North Allegheny AD Bozzuto pitches regular season baseball tournaments in PIAA board debut

Saturday, August 7, 2021 | 10:01 AM

High school baseball players can play dozens and dozens of AAU games each summer, at times more than one per day and often multiple days in a row.

That makes North Allegheny athletic director Bob Bozzuto ask: Why are varsity baseball teams in Pennsylvania limited to 20 games? He’s long advocated for adding games to the regular-season schedule, but now he has a seat on the PIAA board, so he’s advocating for that idea with the administrators able to make a change.

“Baseball is a game you need to continue to play to get better,” Bozzuto said. “Batting practice isn’t going to cut it. When I was with the Wild Things, we talked about having 5 o’clock hitters. That’s batting practice. Five o’clock hitters don’t make it.”

Bozzuto, with support from the PIAA baseball steering committee, has proposed adding regular-season tournaments to the baseball schedule, an idea they borrowed from PIAA wrestling and volleyball. He’d support an expanded softball schedule too, as a way to entice teams to develop pitching depth.

Here’s the idea: Teams could play up to six games over a three-day period, yet those six contests would count as only two games against the 20-game limit. Essentially, teams could get four games for free. In an ideal scenario, Bozzuto said, teams would be allowed to play two tournaments a year, meaning eight additional games.

“If you ask baseball coaches, they don’t want to practice in May,” he said. “They’d rather play.”

The events could bring together teams from districts outside the WPIAL, said Bozzuto, who envisioned inviting Cumberland Valley, LaSalle College and Spring-Ford to North Allegheny.

“What a tournament that would be,” he said.

Bozzuto made his pitch for more games when the PIAA board met in July at State College. It was the first PIAA meeting since he became president of the Pennsylvania State Athletic Directors Association, an organization that holds a seat on the PIAA board.

The board didn’t adopt the proposal but might consider it sometime later, PIAA executive director Bob Lombardi said. Lombardi said the idea should be part of a larger effort to re-evaluate the contest limit on all sports.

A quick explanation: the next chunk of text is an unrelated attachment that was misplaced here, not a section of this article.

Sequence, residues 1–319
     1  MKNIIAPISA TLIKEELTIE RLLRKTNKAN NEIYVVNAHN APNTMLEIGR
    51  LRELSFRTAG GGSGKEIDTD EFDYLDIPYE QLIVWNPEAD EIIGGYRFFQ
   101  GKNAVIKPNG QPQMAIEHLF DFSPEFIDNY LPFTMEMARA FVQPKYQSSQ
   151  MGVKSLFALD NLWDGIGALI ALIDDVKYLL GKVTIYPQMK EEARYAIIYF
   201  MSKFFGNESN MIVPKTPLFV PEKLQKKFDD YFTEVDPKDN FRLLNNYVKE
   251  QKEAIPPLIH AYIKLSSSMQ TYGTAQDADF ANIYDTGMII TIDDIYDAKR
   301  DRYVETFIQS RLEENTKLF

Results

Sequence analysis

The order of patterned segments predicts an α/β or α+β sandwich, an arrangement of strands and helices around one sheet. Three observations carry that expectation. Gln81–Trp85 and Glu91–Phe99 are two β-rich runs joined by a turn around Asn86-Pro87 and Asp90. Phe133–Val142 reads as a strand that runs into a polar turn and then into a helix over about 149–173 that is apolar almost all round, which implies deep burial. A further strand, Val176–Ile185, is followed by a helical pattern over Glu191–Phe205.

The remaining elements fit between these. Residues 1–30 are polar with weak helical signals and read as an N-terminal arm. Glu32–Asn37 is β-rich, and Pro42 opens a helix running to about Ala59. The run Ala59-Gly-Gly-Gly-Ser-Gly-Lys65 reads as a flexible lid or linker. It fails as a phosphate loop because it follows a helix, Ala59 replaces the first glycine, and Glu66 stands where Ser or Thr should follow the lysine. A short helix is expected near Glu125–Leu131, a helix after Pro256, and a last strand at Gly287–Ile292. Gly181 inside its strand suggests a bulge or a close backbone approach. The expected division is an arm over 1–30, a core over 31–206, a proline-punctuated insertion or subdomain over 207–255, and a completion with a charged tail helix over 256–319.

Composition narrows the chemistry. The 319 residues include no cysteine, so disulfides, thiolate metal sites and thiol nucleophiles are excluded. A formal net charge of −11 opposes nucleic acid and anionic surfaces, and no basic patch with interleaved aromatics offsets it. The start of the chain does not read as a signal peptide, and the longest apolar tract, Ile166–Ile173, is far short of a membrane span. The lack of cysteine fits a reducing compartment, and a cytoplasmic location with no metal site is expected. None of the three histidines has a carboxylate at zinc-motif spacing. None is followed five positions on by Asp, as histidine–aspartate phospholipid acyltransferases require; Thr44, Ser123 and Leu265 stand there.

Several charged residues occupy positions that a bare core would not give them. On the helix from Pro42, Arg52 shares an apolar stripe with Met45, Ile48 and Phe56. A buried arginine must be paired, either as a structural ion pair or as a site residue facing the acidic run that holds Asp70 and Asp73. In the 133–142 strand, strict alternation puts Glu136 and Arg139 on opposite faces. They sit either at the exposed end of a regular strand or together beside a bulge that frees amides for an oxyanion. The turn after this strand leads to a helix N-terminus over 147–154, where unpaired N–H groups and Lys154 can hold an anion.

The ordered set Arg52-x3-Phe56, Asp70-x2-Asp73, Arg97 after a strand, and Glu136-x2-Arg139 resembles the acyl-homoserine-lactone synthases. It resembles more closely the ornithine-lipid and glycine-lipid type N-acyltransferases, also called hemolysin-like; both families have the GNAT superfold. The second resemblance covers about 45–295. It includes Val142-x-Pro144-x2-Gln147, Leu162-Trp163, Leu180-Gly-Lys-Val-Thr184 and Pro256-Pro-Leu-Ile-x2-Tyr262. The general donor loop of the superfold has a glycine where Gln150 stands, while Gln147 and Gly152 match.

“The board felt, let’s take this as a more global look,” Lombardi said. “Since we’re in the second year of a (realignment) cycle, keep the status quo. But when our sport-specific steering committees meet this fall, winter and spring, we’re going to put ‘number of games’ on the agenda for each of them, and discuss by sport whether we’re meeting the proper number of games.”

Not everyone favors an expanded baseball schedule. Lombardi said there were concerns on the board about increasing the number of games when many teams already don’t reach the 20-game limit for varying reasons. Would that create a competitive imbalance?

“There is a concern of competitive advantage, especially with teams going south,” Lombardi said. “Not all schools have the wherewithal to do that. If they have the ability to start the season with 12 games in the second week and the other team hasn’t even had a scrimmage because of weather, that’s a concern.”

There also are concerns about added cost for umpires, travel and game management.

“I get that,” Bozzuto said. “There are some districts that cannot do it. But then they say there’s a disadvantage. No one’s saying that in wrestling.”

In drafting the baseball proposal, Bozzuto borrowed ideas from wrestling, where the number of contest dates on the schedule has declined, but the number of matches an athlete wrestles has increased. Bozzuto credits PIAA wrestling committee chairman Frank Vulcano, athletic director at Canon-McMillan, for the creative approach.

“It used to take a long time to get to 100 wins,” Bozzuto said. “It no longer takes that today because of the duals that go on and how it is measured. Take a look at volleyball and pool play. The idea is to get kids to play.”

Bozzuto said North Allegheny has changed the way it schedules volleyball games.

“Rather than them having two dual matches, we can have a tournament where they can play all day and it still only counts as two competitions,” he said.

Bozzuto is a longtime member of the WPIAL and PIAA baseball committees, so he’s been a respected voice in the sport for years. But as president of PSADA, he’ll now be involved more directly in the decision making, a role he admits he relishes.

“I like to be able to speak up and help out based on the experiences I’ve had over my tenure as a coach, AD and teacher,” Bozzuto said. “As president of the state association, my job is to give back to this profession. I love this profession. I think it’s the best job in the world.

“I respect everyone around that (PIAA) table. I absolutely loved the experience. I was a kid in a candy store.”

Chris Harlan is a Tribune-Review Staff Writer. You can contact Chris by email at or via Twitter .


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